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Wednesday, March 26, 2008

Cubs Preview 3/26/08

Roster Spot #6- RF- Kosuke Fukudome #1 (Kohs-kay Foo-koo-dough-may)
Ht: 6'0'' Wt: 190 Bats: Left Throws: Right

Insert obligatory samurai/zen-like concentration caption.

Enter the Fukudome. Since signing with the Cubs in November Fukudome has become the big story of the 2008 season. That and that whole century thing. You know the thing where its been 100 years since the Cubs won the World Series? Oh, you hadn't heard that? Me neither. Fukudome has proven popular with Cubs fans already, as many fans can be seen at spring training games wearing his #1 shirt with his last name written in Japanese Kanji script. Fukudome has also become quite popular with his teammates, who have pulled a variety of pranks on him ranging from Zambrano putting on his #1 jersey and telling Kosuke that he is #1 around the Cubs to Scott Eyre leaving a cheeseburger (?) next to his locker. What can you say, he's Scott Eyre. Cheeseburgers are apparently the only things he understands. Fukudome's name has also led to much fun for the Cubs blogosphere, as he's earned such nicknames as Fukakke (Desipio), K-Fuk (Hire Jim Essian!), and Fukker (Iggins!).

So we've established that Fukudome is now a pop culture icon for Chicago fans? But what about the player himself. Well, last year he hit .297 with 13 hrs and 48 RBIs and a .443 (!) OBP for the Chunichi Dragons of the Japanese Central League. Due to bone chips in his elbow requiring surgery, Fukudome put up those numbers in only 81 games last year. For those of you unable to do the math to figure that into a full 162 game schedule, that amounts to 26 homers and 96 RBIs (get it, you multiply by two). That followed a 2006 season where Fukudome was Cental League MVP after hitting .351 with 31 hrs and 104 RBIs with a .438 OBP in 130 games. For his career Fukudome has a lifetime .397 OBP, and has posted OBPs of .400 or better in 4 of the last 5 seasons. He is also a Gold Glove outfielder in Japan with a cannon for an arm. Exhibit A:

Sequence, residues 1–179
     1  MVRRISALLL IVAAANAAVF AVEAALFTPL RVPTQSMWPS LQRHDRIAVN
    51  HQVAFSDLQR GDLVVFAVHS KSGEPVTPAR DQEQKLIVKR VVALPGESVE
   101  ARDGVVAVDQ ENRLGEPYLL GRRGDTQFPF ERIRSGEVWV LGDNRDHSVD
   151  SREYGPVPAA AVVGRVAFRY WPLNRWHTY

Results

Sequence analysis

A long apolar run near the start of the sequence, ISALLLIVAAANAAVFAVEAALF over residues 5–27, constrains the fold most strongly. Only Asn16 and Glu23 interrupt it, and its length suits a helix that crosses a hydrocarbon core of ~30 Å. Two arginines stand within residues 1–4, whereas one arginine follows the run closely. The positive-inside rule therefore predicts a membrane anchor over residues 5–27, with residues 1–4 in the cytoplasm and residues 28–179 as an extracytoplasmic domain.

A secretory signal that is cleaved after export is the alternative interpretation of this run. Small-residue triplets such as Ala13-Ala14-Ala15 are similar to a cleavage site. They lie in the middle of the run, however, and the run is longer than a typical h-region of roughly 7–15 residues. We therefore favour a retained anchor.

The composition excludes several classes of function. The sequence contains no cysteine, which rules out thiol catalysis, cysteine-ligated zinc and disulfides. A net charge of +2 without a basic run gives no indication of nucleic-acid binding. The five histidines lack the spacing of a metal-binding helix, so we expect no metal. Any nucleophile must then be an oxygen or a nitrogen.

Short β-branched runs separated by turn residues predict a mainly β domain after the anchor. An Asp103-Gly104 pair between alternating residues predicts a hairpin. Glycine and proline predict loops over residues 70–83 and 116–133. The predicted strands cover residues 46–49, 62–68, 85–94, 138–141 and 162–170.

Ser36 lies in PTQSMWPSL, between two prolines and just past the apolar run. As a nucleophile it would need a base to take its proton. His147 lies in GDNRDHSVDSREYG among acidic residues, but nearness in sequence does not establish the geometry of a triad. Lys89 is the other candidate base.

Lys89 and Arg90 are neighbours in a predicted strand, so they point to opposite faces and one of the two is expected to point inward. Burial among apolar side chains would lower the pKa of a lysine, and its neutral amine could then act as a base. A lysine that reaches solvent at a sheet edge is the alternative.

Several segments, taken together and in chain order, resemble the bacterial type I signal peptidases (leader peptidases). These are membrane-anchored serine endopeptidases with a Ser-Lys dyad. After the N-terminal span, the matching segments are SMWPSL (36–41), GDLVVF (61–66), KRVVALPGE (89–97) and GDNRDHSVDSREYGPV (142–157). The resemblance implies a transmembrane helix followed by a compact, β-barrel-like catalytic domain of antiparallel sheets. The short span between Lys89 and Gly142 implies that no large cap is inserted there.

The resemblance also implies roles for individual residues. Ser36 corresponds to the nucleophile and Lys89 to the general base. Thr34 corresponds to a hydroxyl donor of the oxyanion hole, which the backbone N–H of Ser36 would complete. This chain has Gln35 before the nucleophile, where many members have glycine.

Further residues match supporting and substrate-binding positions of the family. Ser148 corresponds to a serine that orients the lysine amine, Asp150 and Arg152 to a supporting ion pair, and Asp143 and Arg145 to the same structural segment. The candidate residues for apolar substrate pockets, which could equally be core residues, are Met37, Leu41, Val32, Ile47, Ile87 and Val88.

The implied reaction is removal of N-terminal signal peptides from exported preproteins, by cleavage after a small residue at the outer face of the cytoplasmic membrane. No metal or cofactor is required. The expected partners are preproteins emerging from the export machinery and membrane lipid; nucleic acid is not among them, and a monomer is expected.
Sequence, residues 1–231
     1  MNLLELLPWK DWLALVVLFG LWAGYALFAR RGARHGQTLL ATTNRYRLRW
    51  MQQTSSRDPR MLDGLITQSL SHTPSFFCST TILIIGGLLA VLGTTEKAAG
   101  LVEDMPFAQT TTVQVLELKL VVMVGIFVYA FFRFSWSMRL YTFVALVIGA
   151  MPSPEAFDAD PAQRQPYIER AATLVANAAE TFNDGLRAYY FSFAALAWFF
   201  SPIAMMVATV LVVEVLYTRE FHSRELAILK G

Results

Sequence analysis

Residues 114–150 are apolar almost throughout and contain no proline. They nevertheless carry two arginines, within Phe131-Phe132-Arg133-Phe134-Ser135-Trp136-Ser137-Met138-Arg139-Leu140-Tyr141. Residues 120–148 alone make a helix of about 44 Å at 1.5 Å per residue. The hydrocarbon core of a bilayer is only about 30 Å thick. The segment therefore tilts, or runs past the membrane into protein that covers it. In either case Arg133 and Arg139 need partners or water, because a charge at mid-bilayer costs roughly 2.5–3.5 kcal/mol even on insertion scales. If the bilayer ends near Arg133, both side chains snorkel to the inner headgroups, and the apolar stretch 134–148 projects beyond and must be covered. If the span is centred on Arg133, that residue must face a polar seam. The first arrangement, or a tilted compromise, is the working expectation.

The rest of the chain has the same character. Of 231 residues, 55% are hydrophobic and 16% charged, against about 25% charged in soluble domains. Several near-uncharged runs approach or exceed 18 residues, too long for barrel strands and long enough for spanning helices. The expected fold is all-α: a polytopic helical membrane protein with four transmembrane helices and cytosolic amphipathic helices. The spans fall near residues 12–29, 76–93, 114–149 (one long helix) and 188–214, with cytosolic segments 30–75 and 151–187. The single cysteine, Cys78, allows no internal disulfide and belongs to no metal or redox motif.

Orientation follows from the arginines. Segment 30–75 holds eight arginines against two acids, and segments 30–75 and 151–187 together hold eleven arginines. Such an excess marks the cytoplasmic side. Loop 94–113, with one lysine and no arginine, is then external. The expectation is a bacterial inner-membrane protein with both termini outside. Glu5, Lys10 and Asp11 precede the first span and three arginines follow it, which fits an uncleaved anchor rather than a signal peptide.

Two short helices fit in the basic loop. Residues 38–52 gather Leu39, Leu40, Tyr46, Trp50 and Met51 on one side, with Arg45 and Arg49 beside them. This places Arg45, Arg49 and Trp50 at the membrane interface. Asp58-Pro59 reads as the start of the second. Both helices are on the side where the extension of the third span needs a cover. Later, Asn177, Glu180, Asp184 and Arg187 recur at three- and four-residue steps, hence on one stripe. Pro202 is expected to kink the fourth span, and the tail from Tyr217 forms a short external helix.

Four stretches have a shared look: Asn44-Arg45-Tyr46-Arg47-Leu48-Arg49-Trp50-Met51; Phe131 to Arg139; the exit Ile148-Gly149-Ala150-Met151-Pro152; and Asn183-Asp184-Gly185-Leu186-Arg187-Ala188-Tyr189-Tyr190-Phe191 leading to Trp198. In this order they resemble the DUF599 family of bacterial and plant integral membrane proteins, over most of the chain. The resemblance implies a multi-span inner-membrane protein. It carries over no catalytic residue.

In the words of Iggins!, "commence the pants-shitting".

But what can Cubs fans expect in this first season out of Fukudome in the United States? Japanese hitters play in smaller ballparks and Japanese imports Hideki Matsui, Kaz Matsui, and Hideki Okajima all saw declines in their power numbers once they came to America. Personally I do not believe the power drop will be all that drastic for Fukudome playing at Wrigley Field, and see him putting up 20-25 home runs. But even if he falls below the 20 mark, if his average and OBP remain at his Japan levels he will still be extremely valuable to the Cubs lineup. Even as his spring training average has hovered around .230 Kosuke has still put up a very impressive .406 OBP in 19 games, so Cubs fans can still look forward to seeing Fukudome on base even as he adjusts his hitting style to the Majors.

Fukudome was the Cubs most important free agent acquisition in what was a rather quiet off-season for them, and he will be a huge factor in deciding what the team does in 2008. If he follows the Hideki, and not Kaz, Matsui route, the $48 million deal he signed with the Cubs will look like a bargain. If he fails, then he'll be the latest goat in 100 years of frustration. (I know, I said goat. guh.)

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